How to choose the right VMware type-2 hypervisor
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Being an avid VMware Fusion for Mac user, I am always on the lookout for interesting and productive ways to use my virtual machines to their fullest potential.
More resources on VMware Fusion for Mac
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VMware Fusion for Mac: Advanced tips for power users
Using VMware Fusion for Mac snapshots
I use VMware Fusion for Mac to run multiple virtual machines, which usually include a mix of Windows XP, Windows Server OS, CentOS as well as virtual appliances, such as Citrix Systems VPX NetScaler.
At times, I need to reconfigure these machines’ networking and resource requirements, depending on what I’m working on. This is where the snapshot feature comes in. By using snapshots, I can revert a VM to any configuration that was specific to a task, upgrade or a point in time.
Using snapshots with VMware Fusion 4 are even easier than in previous versions, with the addition of more options and the familiar Snapshot Manager that has been a part of VMware Workstation and vCenter products for some time. IT pros that prefer to see snapshots in a tree-dependency format, found in other VMware products, will appreciate this addition.
Also, we can now back up snapshots with Time Machine, the native Mac OS X backup utility. In addition, the new options can reduce the size of a snapshot and allow for better visual integration with the AutoProtect interface, which is the automatic snapshot scheduling utility.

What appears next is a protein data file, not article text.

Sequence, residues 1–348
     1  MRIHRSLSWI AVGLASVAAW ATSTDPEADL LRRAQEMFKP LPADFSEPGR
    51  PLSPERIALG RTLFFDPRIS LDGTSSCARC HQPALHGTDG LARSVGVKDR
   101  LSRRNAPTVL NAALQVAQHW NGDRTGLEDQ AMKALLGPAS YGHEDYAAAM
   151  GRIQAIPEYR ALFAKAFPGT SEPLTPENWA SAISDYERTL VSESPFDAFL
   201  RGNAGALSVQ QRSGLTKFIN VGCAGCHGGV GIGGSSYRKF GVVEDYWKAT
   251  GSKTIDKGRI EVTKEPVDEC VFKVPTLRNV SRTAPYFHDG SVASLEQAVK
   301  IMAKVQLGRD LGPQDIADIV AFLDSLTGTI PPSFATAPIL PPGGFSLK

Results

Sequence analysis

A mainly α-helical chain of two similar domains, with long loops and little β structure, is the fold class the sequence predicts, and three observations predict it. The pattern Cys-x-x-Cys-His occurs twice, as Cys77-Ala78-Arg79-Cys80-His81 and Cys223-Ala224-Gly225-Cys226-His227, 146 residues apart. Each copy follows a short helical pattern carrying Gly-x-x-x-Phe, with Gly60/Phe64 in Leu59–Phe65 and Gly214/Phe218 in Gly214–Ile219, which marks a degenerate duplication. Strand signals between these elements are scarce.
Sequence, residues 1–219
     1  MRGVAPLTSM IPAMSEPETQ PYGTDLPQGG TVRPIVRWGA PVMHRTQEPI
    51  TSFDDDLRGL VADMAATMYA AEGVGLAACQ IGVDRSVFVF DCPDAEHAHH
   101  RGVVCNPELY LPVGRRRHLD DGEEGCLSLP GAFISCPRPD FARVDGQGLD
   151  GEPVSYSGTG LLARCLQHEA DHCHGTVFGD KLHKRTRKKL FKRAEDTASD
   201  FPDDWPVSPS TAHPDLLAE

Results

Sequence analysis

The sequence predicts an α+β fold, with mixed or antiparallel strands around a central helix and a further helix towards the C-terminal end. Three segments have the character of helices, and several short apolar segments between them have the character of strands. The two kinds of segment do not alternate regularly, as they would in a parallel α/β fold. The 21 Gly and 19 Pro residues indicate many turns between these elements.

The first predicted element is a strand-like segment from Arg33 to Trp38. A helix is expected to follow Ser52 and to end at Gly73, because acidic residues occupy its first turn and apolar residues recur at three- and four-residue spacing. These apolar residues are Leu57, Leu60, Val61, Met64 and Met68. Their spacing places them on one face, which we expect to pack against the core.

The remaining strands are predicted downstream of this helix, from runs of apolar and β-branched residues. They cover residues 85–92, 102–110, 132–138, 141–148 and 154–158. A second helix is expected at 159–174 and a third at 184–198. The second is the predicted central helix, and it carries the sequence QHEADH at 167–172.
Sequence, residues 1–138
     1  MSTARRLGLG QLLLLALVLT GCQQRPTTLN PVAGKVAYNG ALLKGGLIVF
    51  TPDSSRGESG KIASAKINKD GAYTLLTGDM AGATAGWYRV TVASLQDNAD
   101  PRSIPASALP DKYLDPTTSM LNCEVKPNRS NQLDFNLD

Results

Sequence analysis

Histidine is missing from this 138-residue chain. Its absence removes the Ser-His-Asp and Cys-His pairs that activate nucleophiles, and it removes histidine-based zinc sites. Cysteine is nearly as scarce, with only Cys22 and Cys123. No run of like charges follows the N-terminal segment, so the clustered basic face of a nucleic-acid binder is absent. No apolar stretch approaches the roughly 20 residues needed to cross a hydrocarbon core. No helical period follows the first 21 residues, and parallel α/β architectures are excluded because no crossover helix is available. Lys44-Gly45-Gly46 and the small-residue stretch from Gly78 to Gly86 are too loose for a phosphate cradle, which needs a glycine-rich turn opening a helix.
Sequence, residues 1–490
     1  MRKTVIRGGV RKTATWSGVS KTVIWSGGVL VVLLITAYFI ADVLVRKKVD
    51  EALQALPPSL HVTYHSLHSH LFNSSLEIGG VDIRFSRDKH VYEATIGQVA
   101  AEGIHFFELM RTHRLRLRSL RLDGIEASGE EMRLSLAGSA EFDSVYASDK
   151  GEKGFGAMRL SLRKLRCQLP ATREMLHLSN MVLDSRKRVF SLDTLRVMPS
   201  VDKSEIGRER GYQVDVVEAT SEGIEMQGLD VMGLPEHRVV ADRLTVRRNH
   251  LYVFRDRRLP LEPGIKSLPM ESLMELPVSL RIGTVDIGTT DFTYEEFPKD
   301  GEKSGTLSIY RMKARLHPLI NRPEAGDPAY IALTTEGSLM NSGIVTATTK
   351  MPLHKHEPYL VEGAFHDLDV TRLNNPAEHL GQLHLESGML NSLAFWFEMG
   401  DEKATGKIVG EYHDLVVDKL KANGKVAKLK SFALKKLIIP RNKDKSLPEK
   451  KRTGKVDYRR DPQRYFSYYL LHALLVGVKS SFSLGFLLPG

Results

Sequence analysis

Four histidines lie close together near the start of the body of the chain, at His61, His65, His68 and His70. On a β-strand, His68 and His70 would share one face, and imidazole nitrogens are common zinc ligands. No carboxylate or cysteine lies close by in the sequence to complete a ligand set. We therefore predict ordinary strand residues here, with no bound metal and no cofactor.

Where to store Fusion for Mac VMs
I run VMware Fusion VMs on both a MacBook Pro laptop and desktop iMac, so the portability of VMs is a must for me. My daily support and system administration work relies on my ability to remain agile and flexible. I need to work on whatever Mac I may be using, at the time of a call.
The consistency of the VMs that I work with on either machine is important to ensure that I have exactly what I need to do the task at hand. Most of the time, I am on the road. But I receive many calls late at night or early in the morning, so you can find me tackling issues by the bright glow of my desktop. As such, storing VMs on a portable USB drive is a simple, efficient, and very productive solution for folks like me that move between hosts consistently.
While the obvious drawback is speed (I have solid-state drives in my Macs), it does not outweigh the benefit of easily moving the machines -- including their snapshots -- between my Macs.
Tapping native Mac devices for a Windows VM
Another VMware Fusion 4 feature is the ability for a Windows VM to use built-in Mac devices, such as the USB-based iSight camera and the IR receiver. To make these devices available to a Windows VM, simply install the Boot Camp drivers in the VM.
As you can see, VMware Fusion for Mac is a powerful tool, which, with a little tweaking, makes it possible to run the vast array of Windows and Linux software, while taking advantage of Apple’s elegant hardware and interface. Stay tuned for more tips about VMware Fusion for Mac.